How do you safely stage a gun for immediate access when needed?
If you’re like a lot of us, you probably keep a home defense firearm near your bed, just in case that bump in the night turns out to be a real threat. You likely keep it handy, where you can reach it quickly and easily. But how close should it be to you? And what else should you consider when staging a home defense gun?
The big dilemma is convenience vs. safety. For the sake of simplicity, we’re just talking about handguns in this article. Yes, shotguns and rifles can make excellent home defense weapons, but that is for another time.
However you choose to stage your gun, remember that most likely you will need to get to it in seconds, so it should be nearby and at the ready at a moment’s notice. Gunfights are over and done very quickly. You probably won’t have time to grope around and find your gun, load it, rack the action, find the bad guy, and prepare for the fight. The intruder is probably already inside your home and bent on doing you and your loved ones harm. You’re reacting to the fight that has come to you. Stage your gun the best way for your situation.
One issue when choosing a way to equip your home for self-defense is how many people are at home with you. If you live by yourself, It’s simple. You can stage the gun pretty much anywhere and any way you want since you’re the only one who will likely need or be able to access it. The world is your oyster.
But what if, like so many of us, you have a family, especially one with small children? What do you do when there are other people to consider? This takes a bit more planning because you have to find the balance between quick accessibility and safety. Obviously, you don’t want the kids to have unmonitored access to loaded firearms.
When it comes to bedside storage, there are basically two options: in a locked safe or out in the open. When I say, “out in the open,” I don’t necessarily mean lying on the nightstand but at least somewhere accessible without going through a lock to get to it. An unlocked drawer would be considered out in the open.
If you choose the safer storage in a safe, be sure to choose one that you can access quickly. Several companies such as Liberty and others make single-gun, quick-access safes that stow conveniently either right under the bed or near it and can open instantly with either a 4-digit combo or biometric fingerprint access. If you’re concerned about the battery on a safe like this running dry at the worst time possible, don’t worry; these safes usually offer an audible beep to warn you when the battery is getting low. In-safe storage is preferable if you have small children or other people in the home who need to be kept away from your loaded gun.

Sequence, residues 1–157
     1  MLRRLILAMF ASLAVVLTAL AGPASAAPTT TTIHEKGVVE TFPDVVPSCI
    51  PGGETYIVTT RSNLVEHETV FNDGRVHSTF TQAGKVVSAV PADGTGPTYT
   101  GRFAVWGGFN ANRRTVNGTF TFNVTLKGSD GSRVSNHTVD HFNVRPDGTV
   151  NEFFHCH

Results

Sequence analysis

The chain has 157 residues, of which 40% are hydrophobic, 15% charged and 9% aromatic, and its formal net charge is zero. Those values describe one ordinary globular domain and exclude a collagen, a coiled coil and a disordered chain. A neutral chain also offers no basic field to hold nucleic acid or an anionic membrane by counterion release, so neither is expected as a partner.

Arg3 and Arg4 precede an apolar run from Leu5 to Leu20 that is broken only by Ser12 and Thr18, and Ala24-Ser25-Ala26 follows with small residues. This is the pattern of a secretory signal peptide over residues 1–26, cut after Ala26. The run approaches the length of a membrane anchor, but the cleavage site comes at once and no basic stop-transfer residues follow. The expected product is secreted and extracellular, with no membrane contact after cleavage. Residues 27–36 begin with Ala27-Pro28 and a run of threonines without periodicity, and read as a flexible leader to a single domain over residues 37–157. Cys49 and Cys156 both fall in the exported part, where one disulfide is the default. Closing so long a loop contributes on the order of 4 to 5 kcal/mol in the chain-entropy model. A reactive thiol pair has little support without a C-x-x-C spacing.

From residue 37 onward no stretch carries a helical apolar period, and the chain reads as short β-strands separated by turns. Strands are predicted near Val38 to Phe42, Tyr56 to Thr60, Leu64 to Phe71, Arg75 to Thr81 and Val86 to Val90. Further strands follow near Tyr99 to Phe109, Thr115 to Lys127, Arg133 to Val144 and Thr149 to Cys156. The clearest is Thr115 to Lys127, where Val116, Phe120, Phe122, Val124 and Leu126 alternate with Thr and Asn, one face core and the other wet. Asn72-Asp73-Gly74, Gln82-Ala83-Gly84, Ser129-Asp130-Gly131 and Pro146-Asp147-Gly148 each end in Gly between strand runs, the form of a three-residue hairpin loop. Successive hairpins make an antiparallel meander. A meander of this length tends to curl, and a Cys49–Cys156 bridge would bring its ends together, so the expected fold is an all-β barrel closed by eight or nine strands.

However, if you live by yourself or with trustworthy others, staging a gun for even quicker access can be another good option. One hardware option for this is the Bedside Backup, a solid Kydex holster that attaches to a loop-lined board wedged between your mattress and box spring.
What about a gun you stage outside the bedroom? Sometimes folks stage guns throughout the house, hidden in drawers, under tables, even inside specially made secret compartments such as inside paintings and cleverly disguised bookshelves. This is certainly one option. But is it the best option? To stage a handgun outside of your bedroom, follow the same precautions. Do you live alone or with others who can be trusted with a loaded gun? Or do your firearms need to be staged in a locked container?
One option for house-wide hidden staging is specialty furniture and artwork that look like normal home accessories but hold a secret compartment designed to store a gun and accessories at the ready. Often they are accessed via an RFID card or chip that you keep with you or hide somewhere nearby.
I’ve always been a big fan of on-body carry even at home. What if the door bursts open and you’re not standing or sitting right by one of the staged guns? What if the bad guy is now between you and your secret stash? With on-body carry, the gun is always at the ready, with you all the time. Fighting off the intruder is no longer a two-step process: go get the gun and then face the threat. It’s handy, the same way as if you’re out in public and something goes down.
Finally, although it would be great to not have to worry about certain states and cities adding restrictions to our gun rights, if you live in one of those more restrictive areas, you need to know your local laws. Some states or cities might not let you stage a loaded gun outside of a safe. Others have very strict rules about overall gun storage that could affect your ability to keep a gun at the ready. Check to be sure what is allowed where you live.
David Workman is an avid gun guy and a contributing writer to several major gun publications. As an NRA-certified instructor, David trains new shooters on basic handgun skills and CCW requirements and is a strong advocate for training as much as possible. “Real-life shootouts don’t happen at a box range.”
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